Grain Sinking with Nitrocellulose Finish on a Guitar Body
Question (WOODWEB Member) :
After two coats of sanding sealer and several days of dry time before sanding with 320 grit there are no low spots visible and it looked glass smooth. I then shot it with gloss nitro lacquer, about four or five coats and the finish was super smooth, with the intent of letting that cure for a couple weeks before a final sand and another couple finish coats. After about a week the grain in the mahogany has become so pronounced I am not sure I can sand them out without removing the top coat! I used an HVLP gravity air setup and Lemar lacquers. Any thoughts on why?
Also, when removing the pore filler allow it to flash a wee bit prior to removal; and remove up to 90% by working in a circular motion as this assists in packing the filler into the pore. Finish the wiping with the grain. Next day if there are any traces of filler left you can safely remove with a rag slightly damp with naptha.
From the original questioner:
Thanks for the reply. Is there any value to using shellac for the wash coat? I do like the amber tone the grain filler left and also that amber shellac leaves without actually staining. Lastly how about the body I have already sprayed, will it eventually stabilize?
From contributor S:
While I have never used shellac as a washcoat - and I have as a base coat for the reason you mentioned, I do not foresee a problem as you are using nitro as your coating. Meaning that balance between coatings and adherence shouldn't be an issue. However, it might be prudent to do a full set of samples not only to discern proper reduction for the shellac washcoat (try 50%) - too viscous and you are not leaving enough room or space for the filler to do its thing, and to insure proper adhesion - cross hatch, etc. It is a guitar after all.
As to your piece in progress, you could sand it back to wood while leaving the pores with finish and filler (there is a long and varied history of this type of pore filling for leveling purposes going back more than a bit up to at least mid to late 20th century ). Use shellac as the sealer and start the nitro top coats, or cut it back and keep applying relatively thin nitro top coats. If you choose the latter, wet sand 400 at least between coats. You will get there eventually. Be grateful it is not a dining table or a run for a hotel or some such thing.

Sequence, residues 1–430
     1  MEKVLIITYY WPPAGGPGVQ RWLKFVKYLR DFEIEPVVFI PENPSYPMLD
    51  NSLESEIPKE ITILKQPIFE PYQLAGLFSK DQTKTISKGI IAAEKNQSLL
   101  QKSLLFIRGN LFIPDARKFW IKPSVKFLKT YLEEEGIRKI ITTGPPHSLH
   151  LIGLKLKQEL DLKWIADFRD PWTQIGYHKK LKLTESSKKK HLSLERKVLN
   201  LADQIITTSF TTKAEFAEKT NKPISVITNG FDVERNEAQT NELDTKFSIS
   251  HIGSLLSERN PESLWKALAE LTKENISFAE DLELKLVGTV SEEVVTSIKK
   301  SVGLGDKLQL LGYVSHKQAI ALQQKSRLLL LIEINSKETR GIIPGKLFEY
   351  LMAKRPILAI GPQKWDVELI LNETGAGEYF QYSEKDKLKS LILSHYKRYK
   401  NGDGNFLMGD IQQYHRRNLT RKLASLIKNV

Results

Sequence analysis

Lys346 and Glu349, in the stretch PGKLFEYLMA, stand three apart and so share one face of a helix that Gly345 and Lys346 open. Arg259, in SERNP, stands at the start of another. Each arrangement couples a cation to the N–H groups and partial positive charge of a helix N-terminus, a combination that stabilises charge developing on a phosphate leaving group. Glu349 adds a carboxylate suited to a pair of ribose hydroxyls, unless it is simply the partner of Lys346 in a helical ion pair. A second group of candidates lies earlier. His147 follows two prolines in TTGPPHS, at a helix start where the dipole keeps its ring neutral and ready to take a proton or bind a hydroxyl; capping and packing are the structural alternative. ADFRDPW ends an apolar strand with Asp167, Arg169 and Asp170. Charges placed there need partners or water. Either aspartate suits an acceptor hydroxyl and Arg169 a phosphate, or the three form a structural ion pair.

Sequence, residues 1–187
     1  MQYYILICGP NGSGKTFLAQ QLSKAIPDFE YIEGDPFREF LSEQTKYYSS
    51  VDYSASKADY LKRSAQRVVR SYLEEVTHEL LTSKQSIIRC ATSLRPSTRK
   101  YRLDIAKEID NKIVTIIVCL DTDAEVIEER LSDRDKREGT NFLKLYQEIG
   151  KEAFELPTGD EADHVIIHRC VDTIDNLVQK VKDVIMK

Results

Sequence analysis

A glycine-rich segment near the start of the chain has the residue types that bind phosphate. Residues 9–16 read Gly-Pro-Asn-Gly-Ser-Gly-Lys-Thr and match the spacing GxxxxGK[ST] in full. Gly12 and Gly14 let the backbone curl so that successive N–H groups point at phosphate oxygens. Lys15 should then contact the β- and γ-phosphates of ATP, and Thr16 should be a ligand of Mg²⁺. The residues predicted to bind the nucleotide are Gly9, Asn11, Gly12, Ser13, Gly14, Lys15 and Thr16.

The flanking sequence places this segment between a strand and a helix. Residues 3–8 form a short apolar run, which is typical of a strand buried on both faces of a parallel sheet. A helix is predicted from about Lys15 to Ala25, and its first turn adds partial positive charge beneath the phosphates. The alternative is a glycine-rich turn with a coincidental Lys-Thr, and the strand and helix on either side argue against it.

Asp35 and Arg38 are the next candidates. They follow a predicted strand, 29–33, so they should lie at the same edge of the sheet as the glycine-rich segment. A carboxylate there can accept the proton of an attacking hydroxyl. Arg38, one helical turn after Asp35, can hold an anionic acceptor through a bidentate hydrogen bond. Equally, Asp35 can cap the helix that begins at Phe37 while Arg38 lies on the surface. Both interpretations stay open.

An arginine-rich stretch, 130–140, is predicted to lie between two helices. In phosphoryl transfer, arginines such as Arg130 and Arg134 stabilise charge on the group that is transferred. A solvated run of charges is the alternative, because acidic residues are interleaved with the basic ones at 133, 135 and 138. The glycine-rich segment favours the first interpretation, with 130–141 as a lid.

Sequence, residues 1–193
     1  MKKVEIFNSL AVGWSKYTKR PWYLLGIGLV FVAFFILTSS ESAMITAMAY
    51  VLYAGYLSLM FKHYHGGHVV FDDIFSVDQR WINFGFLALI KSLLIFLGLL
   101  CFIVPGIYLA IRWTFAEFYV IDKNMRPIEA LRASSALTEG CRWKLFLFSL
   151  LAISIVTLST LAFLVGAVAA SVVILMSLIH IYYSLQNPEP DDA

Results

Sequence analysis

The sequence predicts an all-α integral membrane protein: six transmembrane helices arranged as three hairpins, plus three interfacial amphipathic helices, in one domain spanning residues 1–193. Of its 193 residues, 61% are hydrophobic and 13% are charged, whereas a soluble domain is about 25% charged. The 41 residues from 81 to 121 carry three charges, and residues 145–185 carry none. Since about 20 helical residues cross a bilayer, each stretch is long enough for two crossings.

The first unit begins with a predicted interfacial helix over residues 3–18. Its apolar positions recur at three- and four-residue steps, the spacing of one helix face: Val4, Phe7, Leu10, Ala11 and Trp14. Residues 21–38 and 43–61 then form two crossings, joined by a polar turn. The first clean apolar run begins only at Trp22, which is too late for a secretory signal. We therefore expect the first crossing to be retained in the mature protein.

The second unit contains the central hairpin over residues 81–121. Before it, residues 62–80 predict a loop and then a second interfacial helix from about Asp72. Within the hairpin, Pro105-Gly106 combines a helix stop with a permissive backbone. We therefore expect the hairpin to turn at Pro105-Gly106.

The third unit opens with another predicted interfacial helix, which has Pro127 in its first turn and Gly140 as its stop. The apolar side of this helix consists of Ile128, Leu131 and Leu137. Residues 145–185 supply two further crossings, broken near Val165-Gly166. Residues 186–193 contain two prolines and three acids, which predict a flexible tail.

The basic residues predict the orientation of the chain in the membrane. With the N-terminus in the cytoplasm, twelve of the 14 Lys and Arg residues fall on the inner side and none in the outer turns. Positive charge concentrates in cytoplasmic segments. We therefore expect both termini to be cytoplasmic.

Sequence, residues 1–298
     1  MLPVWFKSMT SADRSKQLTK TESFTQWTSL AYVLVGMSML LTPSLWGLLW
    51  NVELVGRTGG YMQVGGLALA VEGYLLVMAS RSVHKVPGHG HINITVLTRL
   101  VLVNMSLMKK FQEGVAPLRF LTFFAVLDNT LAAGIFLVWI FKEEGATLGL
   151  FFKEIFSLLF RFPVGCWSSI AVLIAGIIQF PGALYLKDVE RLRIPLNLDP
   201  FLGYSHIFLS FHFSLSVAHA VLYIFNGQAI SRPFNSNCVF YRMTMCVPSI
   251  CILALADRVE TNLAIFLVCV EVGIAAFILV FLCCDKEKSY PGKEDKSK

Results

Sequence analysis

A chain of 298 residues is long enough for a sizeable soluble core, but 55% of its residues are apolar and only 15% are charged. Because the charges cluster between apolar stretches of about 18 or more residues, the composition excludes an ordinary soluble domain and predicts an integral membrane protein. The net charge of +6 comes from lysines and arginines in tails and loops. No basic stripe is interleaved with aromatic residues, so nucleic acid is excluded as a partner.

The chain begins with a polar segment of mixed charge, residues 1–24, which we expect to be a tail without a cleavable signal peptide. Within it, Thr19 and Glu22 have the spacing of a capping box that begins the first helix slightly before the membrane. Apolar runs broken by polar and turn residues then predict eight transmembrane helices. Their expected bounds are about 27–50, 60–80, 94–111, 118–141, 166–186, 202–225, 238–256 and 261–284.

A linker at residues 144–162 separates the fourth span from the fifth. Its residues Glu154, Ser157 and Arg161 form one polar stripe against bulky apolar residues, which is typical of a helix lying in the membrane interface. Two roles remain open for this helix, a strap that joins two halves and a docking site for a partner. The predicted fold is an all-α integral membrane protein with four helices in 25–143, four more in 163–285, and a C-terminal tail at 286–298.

From contributor J:
I have done a few guitars with nitro. I now use Conversion varnish because I am too lazy to do the nitro. You need to give the nitro about a month or two before you cut it back. It takes that long to fully cure, and if itís not fully cure the grain can sink back. Itís been a while, but I think I was around 15 to 20 coats. First five sprayed about ten minutes apart, let cure for a week then cut back. Repeat this one or two more times, let cure for a month, then repeat with another five coats and let cure for a month or two before buffing. None of the big guys use a true nitro anymore. A Fender custom shop has a couple coats of nitro over top of a modern day sealer. They just donít have the time it takes.
Go look at a brand new Gibson Les Paul custom shop, still a little of the grain telegraphing as they donít let it cure long enough. Both my CS Les Paulís do this. I have an R8 with VOS finish, and another custom/custom R8. In other words, have lots of patience, or just live with a little telegraphing. If you want to speed things up apply two coats of conversion varnish, wait a week and then cut it back smooth. Then go over top with your nitro. This will save about a month.
From the original questioner:
Thanks for the replies. The thought process behind nitro was twofold, keeping with a traditional vintage finish and something that would be not too technical to spray. I had done some test pieces on bubinga but evidently the mahogany pores are just that much deeper. I'll let this mahogany body sit and cure then sand back. Meanwhile Iíll start a couple others I have that are bubinga.
From contributor G:
ML Campbell makes a product called Level Sealer that you can spray on really heavy that sands great and speeds up the process considerably.
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